What To Look For In An Elderly Residential Care Home

What To Look For In An Elderly Residential Care Home

When looking at residential care homes for the elderly, you can easily become overwhelmed. Do you know what you’re looking for? Are you comparing like with like? Those are some of the big questions you’ll need answered. Then there are all of the smaller issues that really matter to you: such as will you have a nice view from your window; can your young grandchildren visit; what is the food like? This article guides you through a simple step-by-step approach so that you know what to look for in an elderly residential care home.

Get Started

It might seem confusing, but the easiest way to tell one residential care home from another is to start looking at the ones in your area. In this way, you’ll quickly narrow down a short-list, which you can compare on a more finely-tuned basis.

As you do this, you’ll quickly discover some confusing terminology. A quick run-down is:

  • Residential care home: care in a residential facility without nursing care.
  • Nursing care home: care in a residential facility that includes nursing care.
  • Dementia care home: specialist nursing care in a residential setting for dementia sufferers.

This article deals predominantly with the first option: residential care homes, such as our homes Raleigh Mead in South Molton, and in Minehead. Eastleigh do also provide nursing care, and dementia care, in our other settings.

To find residential care homes in your area you can search online, or ask around friends and family. You can also search the Care Quality Commission site for reports of homes in your area.

Your Shortlist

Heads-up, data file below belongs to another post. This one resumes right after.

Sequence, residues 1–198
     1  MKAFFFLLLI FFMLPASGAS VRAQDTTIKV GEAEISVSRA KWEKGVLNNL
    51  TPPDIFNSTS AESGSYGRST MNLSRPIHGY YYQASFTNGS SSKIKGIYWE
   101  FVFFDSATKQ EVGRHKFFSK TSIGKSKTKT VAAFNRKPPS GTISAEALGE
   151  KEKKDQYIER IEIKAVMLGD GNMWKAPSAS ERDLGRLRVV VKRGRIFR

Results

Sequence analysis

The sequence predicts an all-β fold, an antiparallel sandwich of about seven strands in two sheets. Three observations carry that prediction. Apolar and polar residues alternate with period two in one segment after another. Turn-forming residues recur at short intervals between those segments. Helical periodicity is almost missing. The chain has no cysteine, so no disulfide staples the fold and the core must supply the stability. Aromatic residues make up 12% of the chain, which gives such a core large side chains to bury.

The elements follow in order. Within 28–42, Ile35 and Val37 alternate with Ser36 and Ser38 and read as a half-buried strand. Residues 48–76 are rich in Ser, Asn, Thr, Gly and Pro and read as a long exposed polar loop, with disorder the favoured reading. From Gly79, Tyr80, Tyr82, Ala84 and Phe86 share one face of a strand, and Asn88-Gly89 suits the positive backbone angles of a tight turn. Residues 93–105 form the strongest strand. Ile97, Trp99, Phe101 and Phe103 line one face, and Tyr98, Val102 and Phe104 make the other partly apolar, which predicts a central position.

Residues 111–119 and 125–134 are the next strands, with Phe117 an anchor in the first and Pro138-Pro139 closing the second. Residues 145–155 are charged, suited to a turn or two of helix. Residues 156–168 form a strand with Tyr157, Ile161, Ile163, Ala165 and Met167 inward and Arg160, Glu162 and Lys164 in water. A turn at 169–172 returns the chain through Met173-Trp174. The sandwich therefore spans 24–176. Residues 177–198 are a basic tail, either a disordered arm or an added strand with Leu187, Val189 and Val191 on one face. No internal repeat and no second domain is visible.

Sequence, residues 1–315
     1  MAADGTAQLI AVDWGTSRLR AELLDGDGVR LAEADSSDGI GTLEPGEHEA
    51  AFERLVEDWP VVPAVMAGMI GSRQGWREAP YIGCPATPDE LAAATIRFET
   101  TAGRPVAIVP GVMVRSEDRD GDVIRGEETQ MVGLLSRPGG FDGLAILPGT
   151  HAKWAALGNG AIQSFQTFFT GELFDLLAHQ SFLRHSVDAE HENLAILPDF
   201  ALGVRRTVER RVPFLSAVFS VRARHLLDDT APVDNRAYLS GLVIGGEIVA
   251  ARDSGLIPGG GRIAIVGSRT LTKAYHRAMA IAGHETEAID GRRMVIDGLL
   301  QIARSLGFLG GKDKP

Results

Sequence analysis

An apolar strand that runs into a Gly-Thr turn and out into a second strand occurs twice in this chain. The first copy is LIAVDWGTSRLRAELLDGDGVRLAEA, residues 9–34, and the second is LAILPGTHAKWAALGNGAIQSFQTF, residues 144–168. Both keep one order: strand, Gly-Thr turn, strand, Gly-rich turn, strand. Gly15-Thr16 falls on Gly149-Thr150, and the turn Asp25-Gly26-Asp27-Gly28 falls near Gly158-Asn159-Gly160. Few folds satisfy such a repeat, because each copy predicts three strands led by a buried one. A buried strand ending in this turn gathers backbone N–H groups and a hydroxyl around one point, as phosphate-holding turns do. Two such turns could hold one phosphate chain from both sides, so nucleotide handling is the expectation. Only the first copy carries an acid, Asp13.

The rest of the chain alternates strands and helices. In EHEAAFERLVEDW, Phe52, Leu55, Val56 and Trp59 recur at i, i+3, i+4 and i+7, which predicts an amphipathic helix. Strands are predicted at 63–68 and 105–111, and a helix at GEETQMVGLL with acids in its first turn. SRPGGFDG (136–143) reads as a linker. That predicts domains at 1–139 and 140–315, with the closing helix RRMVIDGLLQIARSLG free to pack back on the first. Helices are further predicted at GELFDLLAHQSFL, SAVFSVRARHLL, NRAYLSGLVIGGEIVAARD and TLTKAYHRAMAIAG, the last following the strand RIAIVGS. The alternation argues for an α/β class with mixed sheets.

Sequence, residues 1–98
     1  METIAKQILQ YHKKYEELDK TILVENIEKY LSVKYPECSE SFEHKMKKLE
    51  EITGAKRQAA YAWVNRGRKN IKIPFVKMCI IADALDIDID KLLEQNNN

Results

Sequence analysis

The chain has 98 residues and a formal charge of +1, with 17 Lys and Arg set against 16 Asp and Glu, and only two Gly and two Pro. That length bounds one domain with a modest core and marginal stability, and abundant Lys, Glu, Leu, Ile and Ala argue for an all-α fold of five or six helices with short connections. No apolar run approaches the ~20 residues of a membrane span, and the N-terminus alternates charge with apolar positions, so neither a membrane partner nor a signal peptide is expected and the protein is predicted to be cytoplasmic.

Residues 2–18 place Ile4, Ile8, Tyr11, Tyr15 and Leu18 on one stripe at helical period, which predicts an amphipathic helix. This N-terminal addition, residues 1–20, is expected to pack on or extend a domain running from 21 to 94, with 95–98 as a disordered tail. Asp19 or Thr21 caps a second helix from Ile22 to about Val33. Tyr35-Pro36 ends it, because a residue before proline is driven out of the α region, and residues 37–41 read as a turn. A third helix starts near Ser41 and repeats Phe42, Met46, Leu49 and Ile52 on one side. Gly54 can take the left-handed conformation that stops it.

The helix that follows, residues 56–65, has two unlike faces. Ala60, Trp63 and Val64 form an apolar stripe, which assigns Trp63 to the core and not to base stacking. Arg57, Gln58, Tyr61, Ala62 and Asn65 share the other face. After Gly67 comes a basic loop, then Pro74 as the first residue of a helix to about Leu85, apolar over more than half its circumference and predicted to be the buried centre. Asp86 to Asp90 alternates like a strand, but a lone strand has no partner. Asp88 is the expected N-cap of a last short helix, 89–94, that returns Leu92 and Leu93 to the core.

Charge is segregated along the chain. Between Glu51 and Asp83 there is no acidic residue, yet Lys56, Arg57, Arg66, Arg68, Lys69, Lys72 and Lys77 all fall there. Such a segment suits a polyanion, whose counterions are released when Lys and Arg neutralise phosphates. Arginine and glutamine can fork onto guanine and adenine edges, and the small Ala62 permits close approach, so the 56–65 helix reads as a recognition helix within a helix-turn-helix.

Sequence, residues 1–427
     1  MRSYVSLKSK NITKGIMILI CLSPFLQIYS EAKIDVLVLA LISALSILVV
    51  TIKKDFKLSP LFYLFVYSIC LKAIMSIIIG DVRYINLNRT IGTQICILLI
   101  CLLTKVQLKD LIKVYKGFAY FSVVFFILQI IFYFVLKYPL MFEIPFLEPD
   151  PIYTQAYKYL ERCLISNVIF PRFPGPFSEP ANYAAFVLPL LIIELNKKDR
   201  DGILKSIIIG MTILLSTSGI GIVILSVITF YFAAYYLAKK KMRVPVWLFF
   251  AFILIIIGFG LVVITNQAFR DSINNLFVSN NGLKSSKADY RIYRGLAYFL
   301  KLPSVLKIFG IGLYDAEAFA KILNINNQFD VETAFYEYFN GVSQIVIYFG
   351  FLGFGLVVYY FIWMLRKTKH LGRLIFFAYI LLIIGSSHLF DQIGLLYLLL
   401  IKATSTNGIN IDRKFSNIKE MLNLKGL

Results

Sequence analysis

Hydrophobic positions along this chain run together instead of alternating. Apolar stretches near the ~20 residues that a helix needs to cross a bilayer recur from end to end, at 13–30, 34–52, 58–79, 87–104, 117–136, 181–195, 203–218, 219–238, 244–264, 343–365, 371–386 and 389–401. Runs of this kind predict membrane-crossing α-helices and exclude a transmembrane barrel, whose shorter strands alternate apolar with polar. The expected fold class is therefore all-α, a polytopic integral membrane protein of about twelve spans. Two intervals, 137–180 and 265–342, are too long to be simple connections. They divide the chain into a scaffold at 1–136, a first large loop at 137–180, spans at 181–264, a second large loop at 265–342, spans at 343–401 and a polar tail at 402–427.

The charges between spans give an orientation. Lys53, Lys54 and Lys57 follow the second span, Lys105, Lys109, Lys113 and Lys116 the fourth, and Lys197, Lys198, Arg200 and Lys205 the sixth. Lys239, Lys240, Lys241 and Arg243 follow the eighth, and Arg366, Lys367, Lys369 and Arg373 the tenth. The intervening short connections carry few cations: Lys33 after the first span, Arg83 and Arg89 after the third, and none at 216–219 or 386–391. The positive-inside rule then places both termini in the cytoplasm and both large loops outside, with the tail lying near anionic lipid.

Once you’ve done the above, you should have a more reasonable short-list to work from. It is now time to start investigating in greater depth.

Primary Considerations

Before you get too far along with your search you need to ensure:

  • The home provides the appropriate level of care (residential, nursing, or dementia).
  • Whether the home has vacancies.

Armed with this information you can then look up the most recent inspection reports of your short-listed homes. This information should be easy to find. For example, we proudly display our CQC Excellent rating for our Raleigh Mead home, and our Good rating for our Minehead home, clearly on our website.

The homes that are still on your shortlist after this exercise need to be scrutinised further.

Looking at a Home in More Detail

Location, Location, Location

It’s not quite the same as buying a new home, but location is an important consideration. Will friends and family be able to visit easily? What is parking like? What is nearby for the residents? Is there much traffic noise…or noise from local venues? Is there a view?

Now Look More Closely – Facilities

What is disability access like? How many floors are there? Is there a lift? What are the security measures in place? Is the home well-maintained? Is there a garden? What is cleanliness like? What are furnishings like? What is the overall feel – is it hot or cold?

Getting the People Right – The Staff

Choosing the best residential care home isn’t just about the building, facilities, and location. The staff have a huge impact on the life and care of the residents in the home. You can do some research before you visit, such as regarding their qualifications. For example, at Eastleigh we list many of our key staff and a short bio about them on our site, so that you can see for yourself.

Then when you visit the home you can judge for yourself how welcoming the staff are, and how they engage with their residents. Don’t forget to also ask questions about the staffing ratios, who is on duty when, and what the staff turnover is like.

Looking at Daily Living

Now it’s time to consider all of the small things that will hugely affect the resident-to-be. It might not seem important to you that the menu is regularly updated, but for a resident this will matter enormously. So ask questions about the Menu, ask about the daily routine, ask about the activities on offer and the general backgrounds of other residents, computer use, and TV use.

The Small Print

Finally, you should ask to see copies of the contracts and a breakdown of fees, as well as information on required deposits. Now might be the time to discuss a potential trial period.

Choosing a care home is an important task, and the responsibility can feel enormous. By using the information above, along with your intuition and general feel about a proposed home, you should feel confident in your decision.